By Joe Byrne
Applications have become a lifeline to normality for people of all ages and every demographic – a way to keep connected to friends and family, to access essential services, to work and learn, and to stay entertained, fit and healthy.
To make this possible, brands have had to pivot their go-to-market strategies to continue to operate and meet rapidly evolving customer needs during this tumultuous period. And, as technologists in every sector know all too well, this has heaped enormous pressure onto IT departments to innovate and deliver faultless digital experiences to customers.
The emergence of digital gratitude
It’s hopefully satisfying for technologists to understand the extent of their hard work and skills over the pandemic have helped people through this difficult time. In a recent study, The App Attention Index 2021: Who takes the rap for the app? 82% of Canadians reported that digital services have had a positive impact on their lives during the pandemic, enabling them to get through this challenging time.
Consumers are acutely aware of the efforts that some brands have made to improve their digital services to support customers during the last 18 months. According to the research, 73% of Canadians reported feeling grateful to brands that have invested in digital during the pandemic so they could access the services that they love and rely on, and 62% of Canadians stated that they now feel more loyal to brands that have gone above and beyond with the quality of their digital service.
While digital experience has long been an important factor in driving loyalty and revenue for online brands, the pandemic has elevated this to a new level. The stakes have been raised in an environment where consumers have had no choice but to rely on digital services; and the value people place on compelling and faultless digital experiences has gone through the roof. This sense of digital gratitude is re-shaping the way people interact and transact with their favourite brands.
Organizations across every sector should recognize a new opportunity to forge deeper, trusted relationships with their customers. If they continue to innovate to keep customers feeling excited about using their applications and if they can consistently deliver these engaging digital experiences, they can drive real competitive advantage.
Digital gratitude must be earned
While the upsides of delivering world-class digital experiences may have soared over the last 18 months, so have the consequences when things go wrong.
Consumer expectations of applications have grown. People are enjoying the benefits of the very best digital services, whether that’s on retail sites, content streaming platforms or messaging apps, and they see no reason why they shouldn’t be getting this same level of experience every time they use an application, without fail. In fact, 60% of Canadians report that their expectation of digital services has changed forever during the pandemic, and they won’t tolerate poor performance anymore.
The reality is that most consumers are still encountering problems with applications on a regular basis. Some issues – such as pages loading slowly, poor response times, downtime, or security failures – are intrinsic to the application itself and controlled by the application owner. But other problems can be caused by factors that are external to the application – such as bad internet connectivity, 4G/5G mobile network issues, slow payment gateways or technical issues with third party plug-ins.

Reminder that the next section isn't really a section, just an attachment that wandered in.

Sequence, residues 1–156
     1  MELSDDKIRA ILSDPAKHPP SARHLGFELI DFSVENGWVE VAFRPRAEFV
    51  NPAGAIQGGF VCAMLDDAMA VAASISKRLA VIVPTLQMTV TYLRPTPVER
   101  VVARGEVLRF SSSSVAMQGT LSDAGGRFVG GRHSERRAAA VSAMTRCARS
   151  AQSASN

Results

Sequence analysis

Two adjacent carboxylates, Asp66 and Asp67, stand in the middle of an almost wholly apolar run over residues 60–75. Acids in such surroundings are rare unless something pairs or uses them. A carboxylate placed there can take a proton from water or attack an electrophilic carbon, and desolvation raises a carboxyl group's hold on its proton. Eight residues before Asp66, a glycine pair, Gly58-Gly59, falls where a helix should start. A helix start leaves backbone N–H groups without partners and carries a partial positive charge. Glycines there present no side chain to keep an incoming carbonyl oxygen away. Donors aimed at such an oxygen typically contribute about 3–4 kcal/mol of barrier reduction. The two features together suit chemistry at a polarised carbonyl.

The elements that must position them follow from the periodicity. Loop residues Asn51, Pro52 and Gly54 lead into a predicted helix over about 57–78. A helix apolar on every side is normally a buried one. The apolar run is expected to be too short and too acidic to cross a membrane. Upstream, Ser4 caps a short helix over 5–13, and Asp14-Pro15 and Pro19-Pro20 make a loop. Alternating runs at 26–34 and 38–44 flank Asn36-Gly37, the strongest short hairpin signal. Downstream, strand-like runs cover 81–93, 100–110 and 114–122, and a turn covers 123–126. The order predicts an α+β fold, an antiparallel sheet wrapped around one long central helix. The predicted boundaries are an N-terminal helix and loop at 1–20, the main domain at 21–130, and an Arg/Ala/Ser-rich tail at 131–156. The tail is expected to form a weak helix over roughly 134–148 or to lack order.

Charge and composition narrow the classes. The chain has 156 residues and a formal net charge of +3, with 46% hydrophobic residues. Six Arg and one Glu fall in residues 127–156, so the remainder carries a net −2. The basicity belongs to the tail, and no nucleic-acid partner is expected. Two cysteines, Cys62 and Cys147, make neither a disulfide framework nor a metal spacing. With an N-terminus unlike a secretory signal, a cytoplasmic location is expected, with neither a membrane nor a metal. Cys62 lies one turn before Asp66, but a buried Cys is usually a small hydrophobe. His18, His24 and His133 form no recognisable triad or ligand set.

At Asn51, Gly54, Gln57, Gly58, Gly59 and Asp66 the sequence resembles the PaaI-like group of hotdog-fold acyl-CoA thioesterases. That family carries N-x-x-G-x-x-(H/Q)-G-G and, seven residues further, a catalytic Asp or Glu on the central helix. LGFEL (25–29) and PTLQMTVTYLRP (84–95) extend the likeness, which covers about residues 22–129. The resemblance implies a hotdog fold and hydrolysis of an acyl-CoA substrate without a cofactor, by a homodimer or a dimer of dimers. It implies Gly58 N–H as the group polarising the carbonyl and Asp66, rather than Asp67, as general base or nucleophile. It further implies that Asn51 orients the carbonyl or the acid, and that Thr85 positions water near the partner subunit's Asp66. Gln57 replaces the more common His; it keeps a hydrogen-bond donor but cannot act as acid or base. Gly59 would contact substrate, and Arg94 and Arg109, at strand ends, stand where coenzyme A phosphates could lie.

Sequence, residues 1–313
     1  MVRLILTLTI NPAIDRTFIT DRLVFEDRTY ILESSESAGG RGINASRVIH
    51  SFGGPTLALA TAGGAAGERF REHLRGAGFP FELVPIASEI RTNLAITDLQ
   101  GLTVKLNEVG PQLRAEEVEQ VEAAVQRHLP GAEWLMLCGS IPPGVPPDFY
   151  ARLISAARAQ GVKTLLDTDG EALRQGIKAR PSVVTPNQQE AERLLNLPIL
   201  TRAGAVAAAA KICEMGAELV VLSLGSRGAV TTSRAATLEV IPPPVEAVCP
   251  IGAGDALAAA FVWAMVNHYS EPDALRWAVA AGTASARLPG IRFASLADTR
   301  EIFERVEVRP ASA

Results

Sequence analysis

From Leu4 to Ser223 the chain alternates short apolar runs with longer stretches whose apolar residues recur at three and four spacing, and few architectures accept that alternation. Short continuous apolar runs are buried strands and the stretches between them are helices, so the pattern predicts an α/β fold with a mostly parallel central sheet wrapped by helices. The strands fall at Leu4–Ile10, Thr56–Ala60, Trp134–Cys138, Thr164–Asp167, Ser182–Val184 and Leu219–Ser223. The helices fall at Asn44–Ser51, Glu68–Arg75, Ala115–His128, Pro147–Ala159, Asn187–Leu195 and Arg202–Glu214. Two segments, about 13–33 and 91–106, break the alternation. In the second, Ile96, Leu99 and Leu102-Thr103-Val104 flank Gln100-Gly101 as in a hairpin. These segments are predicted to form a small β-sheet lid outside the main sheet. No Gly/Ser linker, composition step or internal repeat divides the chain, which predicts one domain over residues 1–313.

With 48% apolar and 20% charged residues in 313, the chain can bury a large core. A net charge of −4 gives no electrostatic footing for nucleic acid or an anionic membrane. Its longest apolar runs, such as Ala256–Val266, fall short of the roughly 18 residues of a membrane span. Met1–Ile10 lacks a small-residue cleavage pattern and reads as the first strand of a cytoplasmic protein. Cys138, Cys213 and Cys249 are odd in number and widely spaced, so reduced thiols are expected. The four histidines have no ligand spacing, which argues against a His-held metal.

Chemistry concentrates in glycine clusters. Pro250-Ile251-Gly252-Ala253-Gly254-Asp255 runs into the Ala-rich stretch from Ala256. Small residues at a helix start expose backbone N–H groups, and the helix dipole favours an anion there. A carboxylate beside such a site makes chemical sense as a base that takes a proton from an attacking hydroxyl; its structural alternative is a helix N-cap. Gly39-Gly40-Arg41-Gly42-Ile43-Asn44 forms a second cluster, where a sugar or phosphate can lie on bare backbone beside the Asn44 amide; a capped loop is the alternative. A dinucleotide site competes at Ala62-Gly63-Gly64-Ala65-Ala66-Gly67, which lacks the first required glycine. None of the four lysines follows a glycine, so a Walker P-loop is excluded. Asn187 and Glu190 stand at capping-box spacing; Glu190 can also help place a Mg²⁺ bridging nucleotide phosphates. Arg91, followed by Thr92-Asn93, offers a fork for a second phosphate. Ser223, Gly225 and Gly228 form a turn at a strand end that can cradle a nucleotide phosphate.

Significantly for application owners, people don’t stop to consider the cause when they encounter an issue. In most cases, they just automatically blame the application and the brand behind it. It doesn’t matter if the poor experience is due to mobile network issues or a problem with a device, customers immediately associate the issue with the application or digital service. In fact, 77% of Canadians believe it’s always the responsibility of the brand to ensure that the digital service or application works perfectly.
Additionally, when problems occur people are taking it personally. Nearly three quarters of Canadians (71%) regard brands that offer a poor digital experience as ‘disrespectful.’ People are now totally unforgiving towards brands that don’t match up to their heightened expectations for digital services. They’re no longer willing to wait for an issue to be resolved or to suffer in silence; they’ll just delete the application and switch to an alternative provider. If they feel really annoyed, then they’ll make a point of sharing their negative experiences with others.
As the innovation race picks up speed, there’s no room for complacency
When consumers like using an application, they feel real gratitude towards the brand behind it and they’re hungry for more. But the moment they encounter an issue, things change. Half of Canadians (51%) state that brands have only one shot to impress them and that if their digital service does not perform, they won’t use them again. There are no second chances.
Even those brands that are currently basking in the warm glow of digital gratitude, having worked tirelessly for the last 18 months to support their customers are only one performance issue away from seeing huge numbers of customers walking away, possibly forever.
Joe Byrne is an Executive CTO at AppDynamics, part of Cisco. His primary focus is on working with customers and prospects on APM strategy and helping with digital transformations. He also works closely with Sales, Marketing, Product and Engineering on product strategy. Prior to AppDynamics, Joe held technology leadership roles at Albertsons, EllieMae and Johnson and Johnson.
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